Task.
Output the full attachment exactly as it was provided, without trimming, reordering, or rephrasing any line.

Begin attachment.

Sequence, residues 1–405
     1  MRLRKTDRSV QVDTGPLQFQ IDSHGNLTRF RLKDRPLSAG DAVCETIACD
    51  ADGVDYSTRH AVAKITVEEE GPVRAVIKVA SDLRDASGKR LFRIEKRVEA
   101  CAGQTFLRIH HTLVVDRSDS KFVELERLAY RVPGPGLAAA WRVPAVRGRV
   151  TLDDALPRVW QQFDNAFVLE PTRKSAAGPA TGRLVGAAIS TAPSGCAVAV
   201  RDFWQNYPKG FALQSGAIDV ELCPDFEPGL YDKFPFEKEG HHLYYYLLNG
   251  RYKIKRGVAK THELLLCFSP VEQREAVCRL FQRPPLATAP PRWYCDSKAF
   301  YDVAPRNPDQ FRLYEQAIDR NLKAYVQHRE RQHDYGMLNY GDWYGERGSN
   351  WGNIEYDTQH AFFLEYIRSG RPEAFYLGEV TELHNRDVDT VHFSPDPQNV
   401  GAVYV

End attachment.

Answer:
Sequence, residues 1–405
     1  MRLRKTDRSV QVDTGPLQFQ IDSHGNLTRF RLKDRPLSAG DAVCETIACD
    51  ADGVDYSTRH AVAKITVEEE GPVRAVIKVA SDLRDASGKR LFRIEKRVEA
   101  CAGQTFLRIH HTLVVDRSDS KFVELERLAY RVPGPGLAAA WRVPAVRGRV
   151  TLDDALPRVW QQFDNAFVLE PTRKSAAGPA TGRLVGAAIS TAPSGCAVAV
   201  RDFWQNYPKG FALQSGAIDV ELCPDFEPGL YDKFPFEKEG HHLYYYLLNG
   251  RYKIKRGVAK THELLLCFSP VEQREAVCRL FQRPPLATAP PRWYCDSKAF
   301  YDVAPRNPDQ FRLYEQAIDR NLKAYVQHRE RQHDYGMLNY GDWYGERGSN
   351  WGNIEYDTQH AFFLEYIRSG RPEAFYLGEV TELHNRDVDT VHFSPDPQNV
   401  GAVYV